from high school
BY DAN GUTTENPLAN
CoL. BRent BaRnes is in commanD of 6th Brigade ROTC, which covers the states of Florida, Georgia, Alabama, Louisiana, Mississippi, Puerto Rico
what challenges did you face juggling
and the Virgin Islands. He helps to select, de-
velop and commission college students to be of-
ficers and leaders of character in the Total Army.
Prior to joining Army ROTC as a freshman at Ball
State University in 1985, he played high school
football in his home state of Indiana.
what sparked your interest in army Rotc?
This first thing that sparked my interest was
that ROTC is a lot like playing a sport. You’re
directing yourself toward a common goal and
achieving collective excellence. I really con-
nected with that. I played baseball, basketball
and football in high school. I was really in tune
with the team concept, and that’s what’s going
on with ROTC. What kept my interest was the
opportunity provided to me in the field of lead-
ership. I got a lot of individual development in a
what skills did you learn as an athlete
that proved beneficial as a cadet and army
Effort and preparation were the two biggest
ones. As an athlete, in terms of effort, you give
it your all. Being a cadet is no different. As far
as preparation is concerned, everybody wants
to be a winner. It can’t always happen, but often
the difference between those who achieve excel-
lence and those who don’t is the choices they
make and the choices they don’t make. The idea
of preparation is thinking about where you’re
dedicating your time and what you’re focusing
on. Those are the two things that balance out.
the responsibilities of being an athlete
with a stem major and army Rotc?
There are so many things you can do your first
time away from home for a long period of time.
I’d gone to football camps, but college was the
first time I was on my own. What I had to do was
prioritize. I had to think about what’s important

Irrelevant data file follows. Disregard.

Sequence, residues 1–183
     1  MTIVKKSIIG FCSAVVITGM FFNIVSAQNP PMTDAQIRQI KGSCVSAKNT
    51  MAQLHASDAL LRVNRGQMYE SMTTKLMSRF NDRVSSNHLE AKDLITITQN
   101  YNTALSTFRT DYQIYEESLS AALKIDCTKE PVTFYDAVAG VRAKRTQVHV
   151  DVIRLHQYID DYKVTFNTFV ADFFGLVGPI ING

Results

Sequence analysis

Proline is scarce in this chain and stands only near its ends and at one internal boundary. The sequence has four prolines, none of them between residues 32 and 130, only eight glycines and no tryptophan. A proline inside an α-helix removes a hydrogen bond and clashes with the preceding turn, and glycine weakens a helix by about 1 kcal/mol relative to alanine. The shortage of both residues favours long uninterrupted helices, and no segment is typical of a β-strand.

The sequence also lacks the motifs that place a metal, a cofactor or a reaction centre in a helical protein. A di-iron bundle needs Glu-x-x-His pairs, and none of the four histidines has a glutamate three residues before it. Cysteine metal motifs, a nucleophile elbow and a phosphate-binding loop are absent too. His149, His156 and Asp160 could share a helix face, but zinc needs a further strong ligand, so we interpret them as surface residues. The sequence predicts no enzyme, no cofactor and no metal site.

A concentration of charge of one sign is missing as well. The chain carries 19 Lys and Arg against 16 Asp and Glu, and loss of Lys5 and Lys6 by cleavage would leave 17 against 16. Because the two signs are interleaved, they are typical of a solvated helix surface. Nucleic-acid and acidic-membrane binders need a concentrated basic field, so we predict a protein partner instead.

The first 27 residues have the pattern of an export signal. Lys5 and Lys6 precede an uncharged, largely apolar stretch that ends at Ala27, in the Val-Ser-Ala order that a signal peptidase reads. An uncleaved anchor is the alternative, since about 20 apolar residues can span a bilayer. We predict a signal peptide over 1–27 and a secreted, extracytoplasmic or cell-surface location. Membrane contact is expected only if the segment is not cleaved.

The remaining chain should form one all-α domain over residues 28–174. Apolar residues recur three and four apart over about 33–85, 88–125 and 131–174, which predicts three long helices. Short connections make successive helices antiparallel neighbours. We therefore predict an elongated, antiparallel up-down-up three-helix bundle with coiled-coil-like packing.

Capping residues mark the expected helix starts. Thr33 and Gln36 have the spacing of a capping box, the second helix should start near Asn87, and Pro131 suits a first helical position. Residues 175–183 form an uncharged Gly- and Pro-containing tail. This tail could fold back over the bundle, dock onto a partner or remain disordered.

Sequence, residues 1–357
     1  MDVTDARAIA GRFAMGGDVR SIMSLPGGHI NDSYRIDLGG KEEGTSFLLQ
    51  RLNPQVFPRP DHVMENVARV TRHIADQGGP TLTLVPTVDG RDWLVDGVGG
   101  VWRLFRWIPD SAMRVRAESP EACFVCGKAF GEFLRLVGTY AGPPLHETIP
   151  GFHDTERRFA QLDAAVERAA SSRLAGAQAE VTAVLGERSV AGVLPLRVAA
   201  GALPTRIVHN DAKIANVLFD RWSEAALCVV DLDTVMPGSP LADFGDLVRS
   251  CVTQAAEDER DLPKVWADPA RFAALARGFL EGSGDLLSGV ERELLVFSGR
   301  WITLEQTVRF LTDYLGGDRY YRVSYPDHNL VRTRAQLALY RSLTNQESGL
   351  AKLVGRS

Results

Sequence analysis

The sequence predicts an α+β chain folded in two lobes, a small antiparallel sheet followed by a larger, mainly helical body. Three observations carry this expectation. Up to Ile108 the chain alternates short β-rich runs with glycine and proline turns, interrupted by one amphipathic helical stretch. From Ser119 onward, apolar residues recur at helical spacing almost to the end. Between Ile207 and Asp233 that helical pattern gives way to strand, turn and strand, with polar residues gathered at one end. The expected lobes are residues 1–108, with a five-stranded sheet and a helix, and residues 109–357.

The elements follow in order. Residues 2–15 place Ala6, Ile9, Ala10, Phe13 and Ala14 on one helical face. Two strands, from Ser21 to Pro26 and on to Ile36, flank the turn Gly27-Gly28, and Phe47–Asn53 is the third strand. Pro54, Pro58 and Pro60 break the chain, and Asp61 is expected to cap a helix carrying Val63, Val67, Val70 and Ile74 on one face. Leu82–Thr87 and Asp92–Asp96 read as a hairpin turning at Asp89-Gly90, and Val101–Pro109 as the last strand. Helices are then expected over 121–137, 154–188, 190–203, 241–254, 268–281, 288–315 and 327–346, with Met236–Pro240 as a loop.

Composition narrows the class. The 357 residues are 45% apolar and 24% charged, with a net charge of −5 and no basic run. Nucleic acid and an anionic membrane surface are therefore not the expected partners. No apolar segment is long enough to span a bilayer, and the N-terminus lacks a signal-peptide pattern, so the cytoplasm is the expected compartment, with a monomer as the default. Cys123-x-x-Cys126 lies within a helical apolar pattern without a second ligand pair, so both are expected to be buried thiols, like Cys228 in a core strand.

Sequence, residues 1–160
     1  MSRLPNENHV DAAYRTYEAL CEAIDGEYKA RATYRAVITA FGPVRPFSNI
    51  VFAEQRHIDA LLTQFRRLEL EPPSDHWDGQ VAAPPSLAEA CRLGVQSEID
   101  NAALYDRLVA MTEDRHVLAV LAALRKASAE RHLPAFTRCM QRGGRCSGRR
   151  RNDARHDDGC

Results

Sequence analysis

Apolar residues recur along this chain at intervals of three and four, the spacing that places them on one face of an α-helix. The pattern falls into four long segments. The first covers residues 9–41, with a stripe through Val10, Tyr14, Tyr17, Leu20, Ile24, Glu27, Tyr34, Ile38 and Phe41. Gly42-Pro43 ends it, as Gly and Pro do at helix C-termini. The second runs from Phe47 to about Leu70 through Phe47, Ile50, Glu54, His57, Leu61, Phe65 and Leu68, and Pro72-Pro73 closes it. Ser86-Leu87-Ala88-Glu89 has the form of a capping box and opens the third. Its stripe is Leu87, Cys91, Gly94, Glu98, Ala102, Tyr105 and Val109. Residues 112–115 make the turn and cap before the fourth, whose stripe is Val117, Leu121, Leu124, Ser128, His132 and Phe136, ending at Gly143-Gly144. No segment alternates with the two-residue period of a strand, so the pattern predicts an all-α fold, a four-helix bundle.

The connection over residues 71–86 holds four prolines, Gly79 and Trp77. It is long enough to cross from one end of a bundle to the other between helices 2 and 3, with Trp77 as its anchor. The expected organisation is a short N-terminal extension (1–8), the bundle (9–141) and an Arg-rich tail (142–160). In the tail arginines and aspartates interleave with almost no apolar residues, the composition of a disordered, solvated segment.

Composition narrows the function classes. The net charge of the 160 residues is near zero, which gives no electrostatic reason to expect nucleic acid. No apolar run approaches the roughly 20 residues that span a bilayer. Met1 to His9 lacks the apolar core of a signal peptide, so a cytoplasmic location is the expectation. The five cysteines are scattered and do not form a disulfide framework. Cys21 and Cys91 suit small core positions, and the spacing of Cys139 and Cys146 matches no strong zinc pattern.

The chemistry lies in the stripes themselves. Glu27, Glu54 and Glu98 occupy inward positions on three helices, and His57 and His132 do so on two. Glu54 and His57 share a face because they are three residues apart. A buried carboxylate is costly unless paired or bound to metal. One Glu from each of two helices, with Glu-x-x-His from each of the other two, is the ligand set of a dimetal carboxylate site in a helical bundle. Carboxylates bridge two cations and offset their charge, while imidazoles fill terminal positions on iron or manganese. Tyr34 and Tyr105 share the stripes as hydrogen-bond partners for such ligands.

to me and make choices that match those
priorities. It sounds easy, but when you’re a
19-year-old, executing that balance is not easy.
I had different things that motivated me. The
thing that motivated me the most was the drive
to not blow the opportunity I had to go to school
post high school. I made up my mind before
I left for my freshman year that I’m not going
to blow my educational opportunity. I tried to
make choices that matched that priority. ROTC
helped bring that together.
Did army Rotc provide you flexibility
based upon your collegiate demands?
Yes, they did. I studied science, so I had labs.
I found out as long as I maintained my grades,
stayed in above-average physical shape and
stayed out of trouble, they were flexible. I had a
job in college, and they were flexible with that, too.
when did you first consider pursuing an
I was taking classes during my freshman
and sophomore years. In hindsight, they were
checking me out, and I was checking them out.
I got into a Ranger Challenge at the end of my
Prior to assuming command of 6th Brigade,
sophomore year. It’s a nine-person team, and
we competed against other schools from the
Midwest on a regional level. We went to Fort
Knox, Ky., and we competed against everybody
east of the Mississippi River. I saw kids from
other schools compete against each other in
grueling events. I realized then that an Officer
commission was so much bigger than me. And
even greater than that was the opportunity to
serve the greatest nation on Earth. After 48
hours of grueling training, it really turned me on
to it. I figured if they’re going to train me, trust
me to lead others, and let me work out – and
they’re going to pay me to do it – I’m in.
Col. Brent Barnes served as a professor in the
National Security Affairs Department at the
U. S. Naval War College in Newport, R.I.
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